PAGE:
An aching back serves as a constant reminder of your age. Even the most relaxing activities, such as sleeping or lounging on the couch, can become unsettling. You’ve tried everything: adding more pillows, getting a new mattress, and changing your sleeping posture. So, what should you do if your back discomfort persists despite all of these changes?
The first step is to acknowledge that you are not alone. One of the most common reasons people visit the doctor is for back discomfort.
What happens when you see a physiotherapist?
A complete medical history will be taken when you first see a physiotherapist at Jindal Hospital Bangalore. They’ll inquire about any medical concerns you may have, as well as your lifestyle, work environment, and drugs you’re taking. They’ll also want to know what symptoms you’ve experienced in the past and what usually sets them off. They’ll then do a thorough physical examination, which will include a check at how you move and how your back functions. A neurological examination might also be conducted to see how well your nerves are functioning.
When you go to a physiotherapist he will diagnose the issue. Your physiotherapist will go over the treatment plan with you and explain how it will help with your back pain. They should also inform you of any treatment-related hazards. Don’t be scared to ask questions if you’re unsure about something. Because you’ll be asked to provide your consent to proceed with therapy, it’s critical that you completely grasp what your physiotherapist is advising.
Staying active and exercising
In general, being active is the best thing you can do if you have back discomfort. And the most vital aspect of any treatment is exercise. Lower back exercises can help you develop flexibility, mobility, and strength. Your GP or physiotherapist at Jindal Naturecure may recommend that you join a group exercise program since some individuals find it easier to exercise with others.
A physiotherapist can help you figure out which exercises are best for you and how to do them correctly. We’ve put together a list of the many types of exercises you’re likely to encounter.
Any workout that gets you moving and raises your heart rate qualifies as this. It is the most crucial aspect of any therapy plan. Aerobic exercise will help with any stiffness you may be experiencing while also keeping you mobile. Low-impact aerobic workouts, such as walking, swimming, and utilizing exercise bikes and step machines, may be recommended by your physiotherapist to begin with. They’ll encourage you to take on more responsibilities as you’re able. They’ll probably recommend 20 to 30 minutes of cardiovascular activity five times a week. However, you may need to begin with shorter durations of time.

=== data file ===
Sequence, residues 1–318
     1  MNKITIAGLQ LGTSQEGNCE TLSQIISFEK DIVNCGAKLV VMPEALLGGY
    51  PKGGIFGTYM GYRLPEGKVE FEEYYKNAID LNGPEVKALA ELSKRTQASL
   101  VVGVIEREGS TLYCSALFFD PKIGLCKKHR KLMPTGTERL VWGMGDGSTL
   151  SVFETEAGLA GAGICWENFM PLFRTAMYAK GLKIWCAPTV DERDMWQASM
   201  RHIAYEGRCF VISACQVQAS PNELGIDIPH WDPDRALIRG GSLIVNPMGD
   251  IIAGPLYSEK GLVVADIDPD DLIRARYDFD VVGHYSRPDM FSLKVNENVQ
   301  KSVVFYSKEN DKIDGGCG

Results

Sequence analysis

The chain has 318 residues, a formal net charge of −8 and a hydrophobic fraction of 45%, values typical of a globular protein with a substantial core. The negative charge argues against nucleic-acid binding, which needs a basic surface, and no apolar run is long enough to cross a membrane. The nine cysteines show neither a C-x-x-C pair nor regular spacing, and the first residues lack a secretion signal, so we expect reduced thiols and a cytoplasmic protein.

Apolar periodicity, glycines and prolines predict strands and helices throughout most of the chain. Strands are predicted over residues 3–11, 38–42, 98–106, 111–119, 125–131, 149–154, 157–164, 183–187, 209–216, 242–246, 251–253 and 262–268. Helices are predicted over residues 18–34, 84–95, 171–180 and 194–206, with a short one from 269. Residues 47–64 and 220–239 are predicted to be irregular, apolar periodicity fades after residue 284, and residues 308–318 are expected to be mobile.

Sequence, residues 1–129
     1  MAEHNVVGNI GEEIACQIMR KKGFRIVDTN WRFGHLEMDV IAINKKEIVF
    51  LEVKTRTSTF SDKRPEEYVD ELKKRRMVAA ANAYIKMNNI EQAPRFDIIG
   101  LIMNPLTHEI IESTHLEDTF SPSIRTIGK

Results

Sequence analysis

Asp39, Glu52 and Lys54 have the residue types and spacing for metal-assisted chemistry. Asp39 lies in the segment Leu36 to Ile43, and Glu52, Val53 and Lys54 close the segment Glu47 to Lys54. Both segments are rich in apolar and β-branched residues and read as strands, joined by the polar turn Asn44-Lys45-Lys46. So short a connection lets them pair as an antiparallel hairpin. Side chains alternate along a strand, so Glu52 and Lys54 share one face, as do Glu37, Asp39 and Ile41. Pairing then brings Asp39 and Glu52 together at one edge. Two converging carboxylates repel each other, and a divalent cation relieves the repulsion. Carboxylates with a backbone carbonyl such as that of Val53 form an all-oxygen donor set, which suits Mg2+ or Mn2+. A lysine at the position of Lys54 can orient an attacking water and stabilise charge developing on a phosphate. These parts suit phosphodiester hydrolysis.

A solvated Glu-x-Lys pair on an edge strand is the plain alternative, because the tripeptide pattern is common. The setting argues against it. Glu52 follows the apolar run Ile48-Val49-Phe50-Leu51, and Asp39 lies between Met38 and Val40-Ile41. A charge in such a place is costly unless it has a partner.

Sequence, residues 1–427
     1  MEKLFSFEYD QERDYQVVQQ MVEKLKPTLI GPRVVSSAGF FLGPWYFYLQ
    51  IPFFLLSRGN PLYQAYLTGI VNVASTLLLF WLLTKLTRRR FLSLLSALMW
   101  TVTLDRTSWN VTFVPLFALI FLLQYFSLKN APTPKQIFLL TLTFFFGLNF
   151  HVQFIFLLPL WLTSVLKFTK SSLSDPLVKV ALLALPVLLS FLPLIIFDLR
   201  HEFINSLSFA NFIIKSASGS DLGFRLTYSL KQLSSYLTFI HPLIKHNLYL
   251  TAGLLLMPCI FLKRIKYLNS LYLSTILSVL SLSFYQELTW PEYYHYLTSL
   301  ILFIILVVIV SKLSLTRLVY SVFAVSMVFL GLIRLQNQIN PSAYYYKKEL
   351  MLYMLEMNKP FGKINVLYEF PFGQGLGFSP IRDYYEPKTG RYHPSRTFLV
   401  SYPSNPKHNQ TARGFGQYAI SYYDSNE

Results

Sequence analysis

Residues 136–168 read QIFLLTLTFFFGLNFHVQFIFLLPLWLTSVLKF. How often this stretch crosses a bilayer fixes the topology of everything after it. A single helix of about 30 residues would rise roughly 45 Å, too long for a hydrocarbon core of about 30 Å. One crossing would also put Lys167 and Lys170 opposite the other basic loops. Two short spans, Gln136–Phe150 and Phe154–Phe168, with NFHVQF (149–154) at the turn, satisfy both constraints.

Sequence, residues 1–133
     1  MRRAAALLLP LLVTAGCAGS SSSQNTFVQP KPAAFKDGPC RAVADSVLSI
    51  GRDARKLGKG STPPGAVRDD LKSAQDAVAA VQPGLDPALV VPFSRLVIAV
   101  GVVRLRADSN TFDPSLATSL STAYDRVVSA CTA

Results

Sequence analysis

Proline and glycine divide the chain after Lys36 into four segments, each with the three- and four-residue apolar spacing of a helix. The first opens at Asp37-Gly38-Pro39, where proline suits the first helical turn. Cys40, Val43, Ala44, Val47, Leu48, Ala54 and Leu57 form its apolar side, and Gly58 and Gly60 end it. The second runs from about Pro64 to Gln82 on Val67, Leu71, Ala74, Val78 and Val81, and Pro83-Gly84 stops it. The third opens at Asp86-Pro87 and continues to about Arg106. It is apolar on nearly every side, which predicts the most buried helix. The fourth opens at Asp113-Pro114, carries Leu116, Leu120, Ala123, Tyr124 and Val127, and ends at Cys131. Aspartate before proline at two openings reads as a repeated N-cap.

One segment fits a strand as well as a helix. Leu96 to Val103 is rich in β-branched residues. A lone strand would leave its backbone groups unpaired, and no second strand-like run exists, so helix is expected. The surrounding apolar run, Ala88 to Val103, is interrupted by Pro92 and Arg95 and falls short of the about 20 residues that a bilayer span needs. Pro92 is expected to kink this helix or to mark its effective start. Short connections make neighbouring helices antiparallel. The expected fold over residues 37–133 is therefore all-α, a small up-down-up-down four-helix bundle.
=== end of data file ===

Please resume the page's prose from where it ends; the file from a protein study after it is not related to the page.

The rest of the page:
Exercising your muscles
Stretching improves spine flexibility and relieves tension in the muscles that support it. You probably do these workouts daily. Lying on your back and gently stretching your back by pulling your knees up towards you is a common stretching exercise. Alternatively, you can stretch the hamstring muscles on the backs of your legs by standing and leaning forward. This will help to relieve stress in your lower back.
xercising for strength
Exercises to improve core muscles are sometimes included in back pain training programs in Jindal Hospital Bangalore. The abdominal muscles around your stomach, the muscles in your back, and the muscles around your pelvis make up your core muscles. In the near term, these activities can be beneficial. However, there is mounting evidence that core exercises are no more beneficial in the long run than general activity. As a result, your physiotherapist may not pay attention to this. It is more vital to be active in general.
Your physiotherapist may also recommend that you try one of the manual (hands-on) approaches listed below. This will always be done in conjunction with a workout routine.
- Your physiotherapist will extend your spine with slow, gentle movements called mobilization. The goal is to restore the range of mobility in your back.
- Manipulation is when your physiotherapist uses their hands to make fast thrusting movements at a specific location on your spine. When they do this, you can hear a ‘pop’ sound.
Other therapies that physiotherapists used to offer included transcutaneous electrical nerve stimulation (TENS) and acupuncture. However, because there isn’t enough evidence that these treatments work, they aren’t suggested in back pain guidelines. Massage is another treatment for which there is little evidence of effectiveness. It can be used to treat low back pain, but only in conjunction with an exercise program.